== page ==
Happy December, everyone! With our best of 2022 list completed, and me being off the clock to cram in as many new releases as possible, I had some time to explore some of the weirder and more interesting books on my radar. One in particular that caught my eye was How to Defend Your Lair, by Keith Ammann. This book is hovering between a number of genres in a very interesting way. Part fantasy thought piece, part non-fiction about the practicalities of lairs, and part dungeon master’s guide to crafting great lairs for TTRPG campaigns. All of it comes together to form a very serious book about a somewhat silly subject that I enjoyed quite a lot.
How to Defend Your Lair is really divided into two major sections. The front half talks about the practicalities, logistics, and mentalities behind all sorts of different secret bases, lairs, hideouts, and more. The second half of the book goes into some case study examples for Dungeon Masters. While I found the second half of the book particularly useful, as I am a Dungeon Master in my spare time (a thing I am constantly told is completely unsurprising), I am going to focus mostly on the first half of the book as I think it is something that everyone can appreciate and enjoy. But if you want a review of the second half for all you other DMs out there: it’s great; I will be stealing and incorporating a ton of it into my next D&D campaign.
Lair contains all sorts of chapters covering many different practicalities of villainous bases. These include subjects like the principles of defense, castles (the pros and cons), considerations for terrain, defensive magic, human and nonhuman resources, budgeting your lair, battle strategies, and what to do with prisoners. Each goes into exacting and convincing detail of the dos and don’ts for lairs (assuming your villain is competent) and explores a number of elements of evil bases I had never considered before. The terrain and budgeting sections in particular were eye-opening. Ammann goes into the practicalities of 10 different terrain types and how they affect your ability to build a base. The budgeting goes into what is a good use of money and a waste of time for a villain on a meager horde.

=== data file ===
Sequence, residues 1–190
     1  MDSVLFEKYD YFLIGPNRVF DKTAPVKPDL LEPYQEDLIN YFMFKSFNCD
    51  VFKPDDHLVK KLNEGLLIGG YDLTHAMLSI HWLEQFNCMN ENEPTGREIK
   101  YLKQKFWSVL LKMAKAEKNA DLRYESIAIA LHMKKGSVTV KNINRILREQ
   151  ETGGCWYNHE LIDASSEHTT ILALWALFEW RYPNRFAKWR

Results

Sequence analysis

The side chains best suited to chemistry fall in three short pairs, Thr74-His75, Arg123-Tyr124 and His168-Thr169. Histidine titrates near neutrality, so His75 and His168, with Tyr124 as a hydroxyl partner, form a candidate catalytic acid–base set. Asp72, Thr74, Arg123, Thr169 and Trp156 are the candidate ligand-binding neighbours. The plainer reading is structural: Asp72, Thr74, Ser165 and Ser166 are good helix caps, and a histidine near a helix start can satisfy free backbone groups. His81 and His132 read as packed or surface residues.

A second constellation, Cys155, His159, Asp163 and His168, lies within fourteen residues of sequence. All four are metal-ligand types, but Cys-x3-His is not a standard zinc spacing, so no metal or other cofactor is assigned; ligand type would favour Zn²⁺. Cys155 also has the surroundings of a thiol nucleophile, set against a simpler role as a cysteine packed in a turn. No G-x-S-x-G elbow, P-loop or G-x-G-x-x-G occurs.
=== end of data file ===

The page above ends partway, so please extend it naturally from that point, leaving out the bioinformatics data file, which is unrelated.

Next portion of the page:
There are also tons of mini vignettes that I found particularly illuminating. One interesting tangent is on the nature of traps. Ammann argues, quite persuasively, that things like giant pendulums, a bear trap behind a door, or an explosive arcane rune are more of a work hazard for your minions than an effective deterrent to heroes. He goes into detail about the mentality of raiding heroes and how to effectively outwit them at every turn. And Ammann does all of this in a fun book that manages to take itself seriously in a fun way but understands the value of silly fun at the same time.
If I had one complaint about How to Defend Your Lair it would be that it was too effective. Reading this book radically changed how I see and will build all my future lairs, and when it comes to Dungeons and Dragons I am now a little worried I am going to accidentally brutally murder my friend’s characters. I feel as if this book might now be required reading for them to play as it has so thoroughly transformed the way I see lairs that I likely will sound like a loon if my conversation partner hasn’t also read the book. Overall it was a great reading experience, thank you Ammann for making me the weirdo that talks about base defense at Christmas parties this year.
Rating: How to Defend Your Lair – 8.0/10
An ARC of this book was provided to me by the publisher in exchange for an honest review. The thoughts on this book are my own.